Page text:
When is the last time you reviewed your 401(k) plan account or made any changes to it? If it’s been a while, you’re not alone. 73% of plan participants spend less than five hours researching their 401(k) investment choices each year, and when it comes to making account changes, the story is even worse.
When you retire, if you have balances in your 401(k) plan, you will receive a
Participant Distribution Notice in the mail. This notice will show the current value
that you are eligible to receive from each plan and explain your distribution
options. It will also tell you what you need to do to receive your final distribution.
General Rules: You may withdraw amounts from your account while still employed by an employer under the circumstances described. Certain withdrawals are subject to regular federal income tax and if you are under age 59 1/2 you may also be subject to an additional 10% penalty tax. You can determine whether you are eligible for a withdrawal, and request one, via internet access or by calling the AT&T Benefits Center.
|"You should always consider taking a loan from the plan instead of a withdrawal to meet your financial needs"|
Rolling Over Your 401(k)
As long as the participant is younger than age 70 ½, an in-service distribution can be rolled over to an IRA. A direct rollover would avoid the 10% early withdrawal penalty as well as the mandatory 20% tax withholding. Refer to your SPD for more information & possible restrictions on rollovers/withdrawals.
Because a withdrawal permanently reduces your retirement savings and is subject to tax, you should always consider taking a loan from the plan instead of a withdrawal to meet your financial needs. Unlike withdrawals, loans must be repaid, and are not taxable (unless you fail to repay them). In some cases, as with hardship withdrawals, you are not allowed to make a withdrawal unless you have also taken out the maximum available plan loan.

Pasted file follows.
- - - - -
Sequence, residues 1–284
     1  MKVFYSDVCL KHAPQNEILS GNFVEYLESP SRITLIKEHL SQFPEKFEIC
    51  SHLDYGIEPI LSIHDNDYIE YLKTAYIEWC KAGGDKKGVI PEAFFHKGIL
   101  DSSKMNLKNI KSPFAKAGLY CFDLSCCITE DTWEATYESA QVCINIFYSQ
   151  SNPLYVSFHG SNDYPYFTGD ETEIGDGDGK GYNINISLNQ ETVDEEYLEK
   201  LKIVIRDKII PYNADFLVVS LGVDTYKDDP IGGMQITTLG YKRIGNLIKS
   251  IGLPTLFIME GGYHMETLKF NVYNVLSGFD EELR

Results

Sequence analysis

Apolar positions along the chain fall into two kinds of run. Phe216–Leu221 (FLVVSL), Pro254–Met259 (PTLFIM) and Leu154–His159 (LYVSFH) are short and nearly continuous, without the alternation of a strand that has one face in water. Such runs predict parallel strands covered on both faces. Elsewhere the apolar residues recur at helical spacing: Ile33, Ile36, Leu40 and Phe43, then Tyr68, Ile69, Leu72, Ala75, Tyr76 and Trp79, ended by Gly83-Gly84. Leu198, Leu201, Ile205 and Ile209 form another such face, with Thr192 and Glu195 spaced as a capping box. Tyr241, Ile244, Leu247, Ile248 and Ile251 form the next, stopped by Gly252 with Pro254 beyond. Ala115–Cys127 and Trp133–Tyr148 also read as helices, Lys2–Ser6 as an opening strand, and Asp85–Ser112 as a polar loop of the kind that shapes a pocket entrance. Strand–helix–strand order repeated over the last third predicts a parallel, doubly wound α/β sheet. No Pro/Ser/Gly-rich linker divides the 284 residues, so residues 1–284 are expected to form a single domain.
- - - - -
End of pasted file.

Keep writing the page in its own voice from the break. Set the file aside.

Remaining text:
|"Net Unrealized Appreciation can be used in certain circumstances to save a substantial amount in taxes"|
Net Unrealized Appreciation (NUA)
When an AT&T employee qualifies for a distribution they have three options:
Roll-over your qualified plan to an IRA and continue deferring taxes. Take a distribution and pay ordinary income tax on the full amount. Or take advantage of NUA and reap the benefits of a more favorable tax structure on gains.
How does Net Unrealized Appreciation work?
First an employee must be eligible for a distribution from their qualified plan; generally at retirement or age 59 ¹⁄, the employee takes a "lump-sum" distribution from the plan, distributing all assets from the plan during a 1 year period. The portion of the plan that is made up of mutual funds and other investments can be rolled into an IRA for further tax deferral. The highly appreciated company stock is then transferred to a non retirement account.
Net Unrealized Appreciation can be used in certain circumstances to save a substantial amount in taxes. Make sure that your consult with your tax and financial professionals to ensure that this is a good fit.
Please call The Retirement Group at (800)-900-5867 or click the button below for more information and we can help you get in front of an AT&T focused advisor.
This information should not be construed as investment advice. Neither the named Representatives nor Broker/Dealer gives tax or legal advice. All information is believed to be from reliable sources; however, we make no representation as to its completeness or accuracy. The publisher is not engaged in rendering legal, accounting or other professional services. If other expert assistance is needed, the reader is advised to engage the services of a competent professional. Please consult your Financial Advisor for further information or call 800-900-5867.
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